The distortion of history is a crime
Anwar A Khan wright for Observer
Genocide specialist Jerry Costello has said, "Genocide is the most potent of all crimes against humanity because it is an effort to systematically wipe out a people and a culture as well as individual lives." It is emboldening that almost after 46 years of our independence Bangladesh's parliament has passed a proposal for a new law to punish those who distort the history of genocide and Liberation War of Bangladesh.
It is also staggeringly goodness to get a line that the Law Ministry has already drafted a bill titled 'Bangladesher Muktijodder Itihas Bikritikoron Oporadh Ain' to check distortion of the history of the 1971 Liberation War. "The draft bill will be placed before the Cabinet soon and it'll be passed in the current parliament" the Law Minister said.
Some countries, including Cyprus have adopted laws that punish genocide denial. In October 2006, the French National Assembly approved the Armenian Genocide denial a crime. On December 22, 2011, the lower house of the French legislature approved a bill making it a crime punishable by a year in prison to publicly deny as genocide the killing of Armenians by troops of Turkey's former Ottoman Empire.
On January 23, 2012, the French Senate adopted the law criminalizing genocide denial. In 2016 the French Parliament completely adopted the new bill criminalizing the Armenian Genocide denial. Besides that, many more countries in the world do have Holocaust denial law.
Bangladesh government has declared March 25 Genocide Day. The systematic mass killings in Bangladesh in 1971 can be classified as genocide. The genocide started with Operation Searchlight, a planned military pacification carried out by the West Pakistani Army on 25 March 1971 to curb the Bengali nationalist movement.
Major human right abuses and killings were a sad reality of the crisis; those killed included all segments of people. The international media and English reference books have published casualty figures to the tune of 3 million, in addition to those who fled the country totalling more than 10 million as a result of Pakistani government brutality. This act of genocide is officially termed "human rights abuses" by the Bangladesh authorities.
The original purpose of the 1948 "UN Convention on the Prevention of the Crime of Genocide" was to prevent recurrences of some of the most grievous acts committed by mankind against his fellow man. The Bangladesh massacre is, to this day, seen as one of the greatest failures of the United Nations to recognise. But "Freedom is the open window through which pours the sunlight of the human spirit and human dignity" has been correctly spelt out by Herbert Hoover.
Genocide is intentional action to destroy an ethnic, national, racial, or religious group in whole or in part. The word "genocide" is a combination of the Greek word génos ("race, people") and the Latin suffix 'cide' ("act of killing"). The United Nations Genocide Convention, which was established in 1948, defines genocide as "acts committed with intent to destroy, in whole or in part, a national, ethnic, racial or religious group".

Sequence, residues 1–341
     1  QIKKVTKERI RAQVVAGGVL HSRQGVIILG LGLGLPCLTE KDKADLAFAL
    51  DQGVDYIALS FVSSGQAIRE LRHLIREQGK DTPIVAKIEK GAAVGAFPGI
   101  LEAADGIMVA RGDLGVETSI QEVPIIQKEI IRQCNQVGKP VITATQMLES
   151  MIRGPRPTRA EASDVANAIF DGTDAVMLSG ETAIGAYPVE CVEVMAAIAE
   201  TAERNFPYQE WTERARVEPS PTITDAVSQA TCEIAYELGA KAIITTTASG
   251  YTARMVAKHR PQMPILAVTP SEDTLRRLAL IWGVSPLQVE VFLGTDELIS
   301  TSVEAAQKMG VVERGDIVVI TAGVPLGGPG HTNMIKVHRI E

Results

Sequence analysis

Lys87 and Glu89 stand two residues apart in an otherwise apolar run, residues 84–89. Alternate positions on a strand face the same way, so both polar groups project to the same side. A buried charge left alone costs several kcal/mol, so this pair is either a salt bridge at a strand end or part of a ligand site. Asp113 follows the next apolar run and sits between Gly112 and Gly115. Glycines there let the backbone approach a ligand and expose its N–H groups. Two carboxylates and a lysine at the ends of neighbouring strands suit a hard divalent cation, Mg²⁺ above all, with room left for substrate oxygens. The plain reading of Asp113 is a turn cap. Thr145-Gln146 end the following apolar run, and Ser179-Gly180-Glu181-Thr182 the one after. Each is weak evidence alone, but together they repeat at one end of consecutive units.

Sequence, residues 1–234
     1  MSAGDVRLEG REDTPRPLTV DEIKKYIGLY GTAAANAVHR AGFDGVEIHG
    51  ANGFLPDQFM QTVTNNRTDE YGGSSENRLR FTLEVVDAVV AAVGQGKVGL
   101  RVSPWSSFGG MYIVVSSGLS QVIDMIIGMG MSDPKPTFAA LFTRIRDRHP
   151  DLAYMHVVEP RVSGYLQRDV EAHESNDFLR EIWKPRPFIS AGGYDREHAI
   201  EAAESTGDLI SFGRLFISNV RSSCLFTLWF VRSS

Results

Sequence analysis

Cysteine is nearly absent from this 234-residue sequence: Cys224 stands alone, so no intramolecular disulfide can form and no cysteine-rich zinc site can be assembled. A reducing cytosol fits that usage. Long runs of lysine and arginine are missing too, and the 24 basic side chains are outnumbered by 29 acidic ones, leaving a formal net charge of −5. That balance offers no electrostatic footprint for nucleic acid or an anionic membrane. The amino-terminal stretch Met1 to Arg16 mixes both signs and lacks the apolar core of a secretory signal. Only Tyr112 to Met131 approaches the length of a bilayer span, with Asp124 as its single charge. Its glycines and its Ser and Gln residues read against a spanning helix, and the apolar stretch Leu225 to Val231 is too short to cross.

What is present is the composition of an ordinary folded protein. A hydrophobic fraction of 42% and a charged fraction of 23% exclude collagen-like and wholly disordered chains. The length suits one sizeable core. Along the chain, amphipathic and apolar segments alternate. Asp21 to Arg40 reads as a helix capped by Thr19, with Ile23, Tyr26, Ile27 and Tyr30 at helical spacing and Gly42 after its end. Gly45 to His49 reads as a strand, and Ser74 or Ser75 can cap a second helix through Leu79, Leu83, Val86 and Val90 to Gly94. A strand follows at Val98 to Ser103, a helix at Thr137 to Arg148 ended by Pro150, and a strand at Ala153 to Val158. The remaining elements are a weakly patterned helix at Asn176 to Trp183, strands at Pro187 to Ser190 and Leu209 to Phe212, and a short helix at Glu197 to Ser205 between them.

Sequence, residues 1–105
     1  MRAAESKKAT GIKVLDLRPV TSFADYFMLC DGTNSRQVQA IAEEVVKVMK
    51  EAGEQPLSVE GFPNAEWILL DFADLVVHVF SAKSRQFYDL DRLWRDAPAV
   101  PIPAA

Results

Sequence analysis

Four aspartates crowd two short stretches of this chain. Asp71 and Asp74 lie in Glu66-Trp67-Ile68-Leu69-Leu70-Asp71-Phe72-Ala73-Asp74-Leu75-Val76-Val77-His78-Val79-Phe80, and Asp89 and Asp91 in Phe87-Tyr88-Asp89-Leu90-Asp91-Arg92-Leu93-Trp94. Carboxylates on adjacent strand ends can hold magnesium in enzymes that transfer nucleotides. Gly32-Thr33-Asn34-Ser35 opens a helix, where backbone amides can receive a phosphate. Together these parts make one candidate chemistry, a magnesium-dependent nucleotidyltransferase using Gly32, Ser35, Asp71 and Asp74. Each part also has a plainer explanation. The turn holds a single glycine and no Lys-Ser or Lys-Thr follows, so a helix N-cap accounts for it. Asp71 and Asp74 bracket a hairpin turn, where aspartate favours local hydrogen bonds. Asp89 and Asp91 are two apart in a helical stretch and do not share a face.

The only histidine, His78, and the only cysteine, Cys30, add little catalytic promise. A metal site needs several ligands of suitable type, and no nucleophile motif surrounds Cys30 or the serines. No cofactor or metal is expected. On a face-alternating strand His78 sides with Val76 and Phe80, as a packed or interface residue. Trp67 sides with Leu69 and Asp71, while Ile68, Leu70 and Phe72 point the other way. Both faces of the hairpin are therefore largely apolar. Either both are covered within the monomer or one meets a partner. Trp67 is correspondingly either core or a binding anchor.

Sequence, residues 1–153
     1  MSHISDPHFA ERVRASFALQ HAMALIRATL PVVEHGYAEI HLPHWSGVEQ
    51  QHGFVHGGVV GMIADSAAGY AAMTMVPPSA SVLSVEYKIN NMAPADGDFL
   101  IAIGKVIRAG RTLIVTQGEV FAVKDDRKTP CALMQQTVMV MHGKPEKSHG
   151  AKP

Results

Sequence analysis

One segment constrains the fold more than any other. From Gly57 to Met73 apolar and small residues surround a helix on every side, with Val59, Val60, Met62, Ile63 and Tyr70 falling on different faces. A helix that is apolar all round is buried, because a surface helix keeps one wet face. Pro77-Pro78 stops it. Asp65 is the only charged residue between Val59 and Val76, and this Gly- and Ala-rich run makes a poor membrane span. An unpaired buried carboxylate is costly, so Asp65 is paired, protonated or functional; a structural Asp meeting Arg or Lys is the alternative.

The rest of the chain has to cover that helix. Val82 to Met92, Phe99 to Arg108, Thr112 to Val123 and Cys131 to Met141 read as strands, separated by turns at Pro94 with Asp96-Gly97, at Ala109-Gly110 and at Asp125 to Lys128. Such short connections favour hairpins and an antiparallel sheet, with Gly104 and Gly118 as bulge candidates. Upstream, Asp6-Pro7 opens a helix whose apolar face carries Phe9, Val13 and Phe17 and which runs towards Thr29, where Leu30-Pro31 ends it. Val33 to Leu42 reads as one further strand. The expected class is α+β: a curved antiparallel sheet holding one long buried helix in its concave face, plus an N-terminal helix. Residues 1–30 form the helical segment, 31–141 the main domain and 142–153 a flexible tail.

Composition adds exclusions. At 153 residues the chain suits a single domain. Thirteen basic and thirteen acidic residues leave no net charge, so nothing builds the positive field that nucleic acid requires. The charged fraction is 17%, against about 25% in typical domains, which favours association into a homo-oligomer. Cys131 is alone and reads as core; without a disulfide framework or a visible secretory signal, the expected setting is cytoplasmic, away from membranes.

The first part of the word 'Holo' means whole, and the second part of the word 'causton' means burnt, so the word 'Holocaust' means 'totally burnt'. Charging genocide is thus claiming great victimisation that confers amoral authority on the victims to be heard and to demand change. Also, it is a powerful indictment of a group that it is committing, or standing by in the face of, mass violence. In the area of law making at least two basic policy changes are called for. These changes are aimed at curbing the escalation of the war on crime in general and to lawfully punish those criminals who dare to deny the 1971 mass killing and similar other grievous crimes in particular.
The intentional systematic annihilation of 3 million Bangladesh's people by the Pakistanis and their collaborators is similar to holocaust. The 1971 Holocaust in Bangladesh is an extreme form of genocide. The Pakistan army and some Bangla-speaking people were the perpetrators, and we were their victims.
Former Secretary-General Ban Ki-moon said, "We have learned important lessons. We know more keenly than ever that genocide is not a single event but a process that evolves over time, and requires planning and resources to carry out. As chilling as that sounds, it also means that with adequate information, mobilization, courage and political will, genocide can be prevented."
Understanding the way genocide occurs and learning to recognise signs that could lead to genocide are important in making sure that such horrors do not happen again. To deter people from committing crimes of genocide, those responsible for such crimes need to be brought to justice. Fighting impunity and establishing a credible expectation that the perpetrators of genocide and related crimes will be held accountable can effectively contribute to prevention.
Senior journalist Nadeem Qadir said, "There are many other attempts to distort history, including the number of people killed in the genocide carried out by the Pakistani army. Those who try to distort this history are Pakistani puppets, or they have not seen Bangladesh painted red during 1971 with the blood of Bengalis. I have seen, and I will never forget. Let this law take effect quickly with harsh punishments for those resorting to distortion."
Anwar A Khan is freelance contributor